Taylor Salinardi talks about Bon App. (Photo by Aditi Pai)
This week, MobiHealthNews co-hosted a special healthcare-themed Mobile Monday event at Ned Devine's bar here in Boston to showcase some local mobile health startups. The five startups presented a diverse range of products tackling different challenges in mobile health.
The first company, RxApps, is leveraging SMS and responsive web as tools to improve patient compliance.
RxApps, a Rock Health company formerly known as PrescribableApps, made their first public presentation at a Mobile Monday event a year ago. CEO and co-founder John Moore III (son of John Moore of Chillmark Research) presented, showing some slides from the app and some sample text messages. Physicians can use RxApps with patients who have mental health conditions. The platform sends customized check-in messages via SMS and mobile that ask patients about their mood or weight, worded so patients can respond easily with a few numbers.
That data is sent back to the physician and also recorded so it can be tracked, and patients and providers can see visual representations of fluctuations in their mood and status.
"In mental illness there are very few competitors, most of them are exclusively consumer-facing," Moore said, in response to a question about what makes RxApps different from competitors. "We're engaging doctors, that's the big difference, and we're using SMS. We're engaging them with push prompts. We're doing both mobile web and text messages. We're trying to bridge that gap, make it accessible to anyone."
Next to present was Javier Perez from FeedHenry, a company that builds mobile apps for enterprise clients, including some in the healthcare space. Perez presented an app the company built for Courtagen Life Sciences to give doctors mobile access to the results of specific genetic tests Courtagen offers.
"Doctors have access to this data, but they have a 20-page pdf report they have to read. So mobility was a no-brainer," Perez said. "They needed to have everything on an iPad, they needed that color-coded gene map, to see those genes and see if there are any problems. This is where FeedHenry comes into play. We are a cloud-based platform that sits right in between those enterprise systems and the mobile app."
He said FeedHenry provides HIPAA-compliance and security for companies in the apps it builds.
Taylor Salinardi, director of research and analytics at Bon'App, was next up, laying out the problems her company's app is trying to solve.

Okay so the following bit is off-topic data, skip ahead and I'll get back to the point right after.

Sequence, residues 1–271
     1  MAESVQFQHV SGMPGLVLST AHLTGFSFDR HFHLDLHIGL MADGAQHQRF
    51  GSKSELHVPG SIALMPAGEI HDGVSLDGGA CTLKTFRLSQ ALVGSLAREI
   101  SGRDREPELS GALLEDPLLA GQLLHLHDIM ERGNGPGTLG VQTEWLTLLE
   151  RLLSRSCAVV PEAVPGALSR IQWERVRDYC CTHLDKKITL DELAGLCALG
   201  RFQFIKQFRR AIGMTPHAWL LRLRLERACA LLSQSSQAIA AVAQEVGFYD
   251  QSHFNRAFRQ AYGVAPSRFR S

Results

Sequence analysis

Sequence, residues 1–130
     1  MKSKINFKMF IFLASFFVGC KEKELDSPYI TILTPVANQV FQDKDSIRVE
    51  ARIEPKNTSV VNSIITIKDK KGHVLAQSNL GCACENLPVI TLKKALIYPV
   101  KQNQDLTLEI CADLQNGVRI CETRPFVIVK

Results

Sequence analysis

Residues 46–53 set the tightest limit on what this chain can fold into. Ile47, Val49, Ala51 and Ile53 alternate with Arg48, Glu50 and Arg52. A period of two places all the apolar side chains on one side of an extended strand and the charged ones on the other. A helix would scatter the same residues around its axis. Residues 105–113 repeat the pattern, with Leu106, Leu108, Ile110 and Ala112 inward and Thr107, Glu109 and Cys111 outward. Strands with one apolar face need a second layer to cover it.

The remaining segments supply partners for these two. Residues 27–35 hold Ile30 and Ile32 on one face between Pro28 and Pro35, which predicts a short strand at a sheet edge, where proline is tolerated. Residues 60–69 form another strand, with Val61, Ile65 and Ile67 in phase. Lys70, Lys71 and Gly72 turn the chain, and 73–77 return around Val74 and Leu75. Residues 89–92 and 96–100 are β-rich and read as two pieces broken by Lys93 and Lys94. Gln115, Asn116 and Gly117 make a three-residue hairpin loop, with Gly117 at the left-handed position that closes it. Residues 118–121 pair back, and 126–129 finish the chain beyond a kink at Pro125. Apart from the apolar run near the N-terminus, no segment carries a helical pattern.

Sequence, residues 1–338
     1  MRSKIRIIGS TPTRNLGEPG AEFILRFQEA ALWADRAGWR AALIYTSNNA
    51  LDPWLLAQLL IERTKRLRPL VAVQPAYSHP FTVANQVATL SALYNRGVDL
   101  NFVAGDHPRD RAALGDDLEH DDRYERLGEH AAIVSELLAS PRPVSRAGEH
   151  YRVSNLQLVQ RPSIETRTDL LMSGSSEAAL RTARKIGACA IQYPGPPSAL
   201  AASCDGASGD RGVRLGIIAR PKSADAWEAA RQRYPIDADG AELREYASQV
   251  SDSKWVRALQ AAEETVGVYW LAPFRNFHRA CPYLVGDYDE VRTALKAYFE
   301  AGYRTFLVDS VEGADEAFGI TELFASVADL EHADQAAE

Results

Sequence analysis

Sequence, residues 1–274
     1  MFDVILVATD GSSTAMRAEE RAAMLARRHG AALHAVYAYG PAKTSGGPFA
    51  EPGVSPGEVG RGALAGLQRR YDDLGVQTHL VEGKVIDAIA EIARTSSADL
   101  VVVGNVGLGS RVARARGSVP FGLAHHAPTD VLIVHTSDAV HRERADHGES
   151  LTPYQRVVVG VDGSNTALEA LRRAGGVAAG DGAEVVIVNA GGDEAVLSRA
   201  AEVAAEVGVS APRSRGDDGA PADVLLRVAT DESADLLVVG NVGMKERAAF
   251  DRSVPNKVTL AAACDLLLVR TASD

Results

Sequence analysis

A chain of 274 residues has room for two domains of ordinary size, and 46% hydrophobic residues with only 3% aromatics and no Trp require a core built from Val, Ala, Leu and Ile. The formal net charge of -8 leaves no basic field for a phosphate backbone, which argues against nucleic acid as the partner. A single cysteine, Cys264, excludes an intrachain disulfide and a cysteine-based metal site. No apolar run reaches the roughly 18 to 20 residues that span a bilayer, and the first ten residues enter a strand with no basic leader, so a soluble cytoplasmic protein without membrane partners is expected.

"Consumers are confused about what's in their food," she said. "Nutrition fact labels are confusing. They're complicated. Do you know what saturated fat is? Trans fat? Unsaturated fatty acids? Do you know what the good fat is? The bad fat? Well we tell you what the bad fat is."
Bon'App, a free, voice-activated app already available for download from the iOS AppStore, provides nutrition information about food before you eat it, with an intuitive battery display that tells you how the food will contribute to your daily goals and limits for fat, sugar, calories, and salt, turning from green, to yellow, to red, to black.
Salinardi walked the crowd through an example use case of being at Starbucks and "craving something caramel." By speaking "Starbucks caramel" into the app, it presents the user with the various popular options, and they can choose the best one.
Founder and CEO Sombit Mishra started his presentation on QMedic with a slide of the old "I've fallen and I can't get up" commercial that's come to be shorthand for mPERS and fall detection systems.
"Over 80 percent of seniors don't press the button an hour after falling. Over 85 percent don't wear the device consistently," Mishra said of traditional mPERS devices. "QMedic is the only wearable sensing platform that continually and passively monitors physical activity, sleep, and falls in the home without requiring battery recharge."
QMedic's platform actually started out as an activity tracker like Fitbit and pivoted into mPERS. The waterproof, wristworn device collects longitudinal data constantly and has a battery that lasts over a year. It can detect and alert a caregiver when the wearer falls, sleeps worryingly late, or neglects to wear the device.
Finally, Neumitra's Robert Goldberg presented on the company's wristworn stress sensor and companion app, speaking about the importance of dealing with stress. Neumitra is also a Rock Health company.
"We're losing more veterans to suicide today than to combat," he said. "In addition, the leading cause of death among undergraduate students is suicide."
Neumitra is developing a biofeedback device that constantly monitors stress levels via the autonomic nervous system and sends an alert to the user's phone when it detects high levels of stress. The connected app makes suggestions to reduce stress, like listening to music or playing a game on the phone. The watch can also buzz when it detects a stress event. The company is also working with public health departments to create stress maps of campuses and cities from the aggregate data generated by users.
More than 200 mobile developers and interested parties watched the presentations then stayed to mingle with the presenters, each other, and MobiHealthNews. See more pictures from the event on our Facebook page.